Here’s Where You Can Buy Cloth Face Masks for Kids Online Right Now Plus, tips on how to get children to actually wear face coverings in public.

By Lexie Sachs for Good Housekeeping

As communities begin to re-emerge after being on lockdown due to the COVID-19 pandemic, face masks are becoming essential items for everyone to wear, including kids. The CDC says anyone over the age of 2 should wear a face mask in areas where social distancing is difficult to maintain. Not to mention, wearing a face mask is often a requirement to enter public places these days. It’s especially important since research has shown that the novel coronavirus can be spread by someone without symptoms if they cough, sneeze, or even speak when they’re close to others.

It’s easy for most adults to understand this new rule, but face masks for kids is a whole new ball game. How can we expect young children to wear these face masks without yanking them off? And how do we explain to them why they must wear the masks in public without scaring them about the coronavirus? Fortunately there are plenty of kid-friendly options out there and stress-free ways to help your child wear a face mask.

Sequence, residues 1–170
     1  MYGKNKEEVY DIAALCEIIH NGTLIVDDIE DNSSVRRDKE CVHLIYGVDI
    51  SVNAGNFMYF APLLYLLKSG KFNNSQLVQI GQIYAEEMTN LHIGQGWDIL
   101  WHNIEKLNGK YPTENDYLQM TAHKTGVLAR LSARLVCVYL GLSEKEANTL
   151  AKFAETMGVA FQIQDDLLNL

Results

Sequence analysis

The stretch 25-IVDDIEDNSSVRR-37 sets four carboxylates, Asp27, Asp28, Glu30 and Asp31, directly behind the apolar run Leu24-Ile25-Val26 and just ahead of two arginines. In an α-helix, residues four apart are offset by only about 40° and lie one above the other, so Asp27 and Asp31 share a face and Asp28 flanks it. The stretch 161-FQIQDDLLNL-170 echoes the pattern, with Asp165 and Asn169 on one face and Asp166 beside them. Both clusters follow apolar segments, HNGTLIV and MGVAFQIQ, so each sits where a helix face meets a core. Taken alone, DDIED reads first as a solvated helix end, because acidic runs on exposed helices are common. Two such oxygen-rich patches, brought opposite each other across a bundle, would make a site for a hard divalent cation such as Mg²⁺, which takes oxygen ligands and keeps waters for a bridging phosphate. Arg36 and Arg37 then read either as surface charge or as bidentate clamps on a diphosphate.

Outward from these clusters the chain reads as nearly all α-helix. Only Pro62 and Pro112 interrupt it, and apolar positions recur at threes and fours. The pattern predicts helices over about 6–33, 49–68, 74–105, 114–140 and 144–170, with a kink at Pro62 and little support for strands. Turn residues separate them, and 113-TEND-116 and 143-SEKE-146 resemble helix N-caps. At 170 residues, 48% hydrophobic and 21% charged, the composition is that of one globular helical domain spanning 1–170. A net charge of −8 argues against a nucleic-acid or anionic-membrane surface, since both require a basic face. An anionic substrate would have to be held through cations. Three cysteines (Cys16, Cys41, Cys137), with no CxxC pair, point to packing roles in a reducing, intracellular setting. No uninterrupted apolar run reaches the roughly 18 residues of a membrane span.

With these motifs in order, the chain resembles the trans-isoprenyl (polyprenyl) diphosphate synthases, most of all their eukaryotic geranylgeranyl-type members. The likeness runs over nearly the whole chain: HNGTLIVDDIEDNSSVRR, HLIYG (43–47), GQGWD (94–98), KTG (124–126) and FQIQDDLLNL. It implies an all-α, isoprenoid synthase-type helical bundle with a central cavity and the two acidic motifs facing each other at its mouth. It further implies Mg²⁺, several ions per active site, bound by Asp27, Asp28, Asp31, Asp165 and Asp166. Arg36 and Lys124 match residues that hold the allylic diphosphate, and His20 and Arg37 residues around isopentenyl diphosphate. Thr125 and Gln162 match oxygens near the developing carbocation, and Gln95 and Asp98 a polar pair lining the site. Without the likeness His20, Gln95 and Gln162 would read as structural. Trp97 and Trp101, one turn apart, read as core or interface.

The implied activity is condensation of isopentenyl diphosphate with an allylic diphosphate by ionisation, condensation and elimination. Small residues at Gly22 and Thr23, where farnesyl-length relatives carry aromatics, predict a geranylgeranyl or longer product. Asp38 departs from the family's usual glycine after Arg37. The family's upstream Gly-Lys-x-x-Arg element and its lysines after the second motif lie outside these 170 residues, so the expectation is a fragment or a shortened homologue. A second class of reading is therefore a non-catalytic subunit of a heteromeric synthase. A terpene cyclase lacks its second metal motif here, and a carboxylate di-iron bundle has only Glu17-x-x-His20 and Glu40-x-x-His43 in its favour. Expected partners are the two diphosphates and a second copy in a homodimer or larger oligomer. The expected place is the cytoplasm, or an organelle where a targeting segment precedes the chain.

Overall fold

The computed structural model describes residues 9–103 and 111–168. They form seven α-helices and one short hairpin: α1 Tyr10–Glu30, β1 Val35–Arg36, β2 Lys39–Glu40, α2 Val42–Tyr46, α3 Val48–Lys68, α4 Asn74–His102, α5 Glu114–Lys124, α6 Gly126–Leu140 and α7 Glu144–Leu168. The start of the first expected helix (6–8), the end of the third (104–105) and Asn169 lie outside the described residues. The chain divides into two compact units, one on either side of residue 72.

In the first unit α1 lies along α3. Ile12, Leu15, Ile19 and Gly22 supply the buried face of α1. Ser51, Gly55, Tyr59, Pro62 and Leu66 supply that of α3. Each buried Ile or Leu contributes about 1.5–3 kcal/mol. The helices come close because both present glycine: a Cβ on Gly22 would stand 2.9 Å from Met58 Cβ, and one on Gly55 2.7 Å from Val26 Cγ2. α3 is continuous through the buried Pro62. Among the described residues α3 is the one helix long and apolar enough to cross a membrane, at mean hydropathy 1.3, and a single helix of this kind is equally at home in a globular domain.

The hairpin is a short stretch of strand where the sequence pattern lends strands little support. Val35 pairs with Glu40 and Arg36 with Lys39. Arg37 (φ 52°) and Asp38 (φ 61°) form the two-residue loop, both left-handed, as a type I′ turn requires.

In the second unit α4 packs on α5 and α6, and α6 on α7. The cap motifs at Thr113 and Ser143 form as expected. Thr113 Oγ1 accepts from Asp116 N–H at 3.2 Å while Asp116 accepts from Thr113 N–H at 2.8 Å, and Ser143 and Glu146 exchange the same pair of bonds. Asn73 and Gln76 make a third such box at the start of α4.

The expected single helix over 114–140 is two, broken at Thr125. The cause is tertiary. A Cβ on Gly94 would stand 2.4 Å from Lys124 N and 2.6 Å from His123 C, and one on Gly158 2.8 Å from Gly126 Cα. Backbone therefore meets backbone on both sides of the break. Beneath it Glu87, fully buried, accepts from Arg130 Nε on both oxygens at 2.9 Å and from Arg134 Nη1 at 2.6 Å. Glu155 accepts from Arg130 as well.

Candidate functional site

The fiber scientists and parenting experts in the Good Housekeeping Institute’s Textiles Lab researched dozens of reusable face masks for kids to find the best options for every preference. The picks ahead are all washable for repeated use and offer something for everyone, whether you’re looking for a face mask with filters, one that’s more lightweight, or some with fun designs and prints that kids will actually like wearing.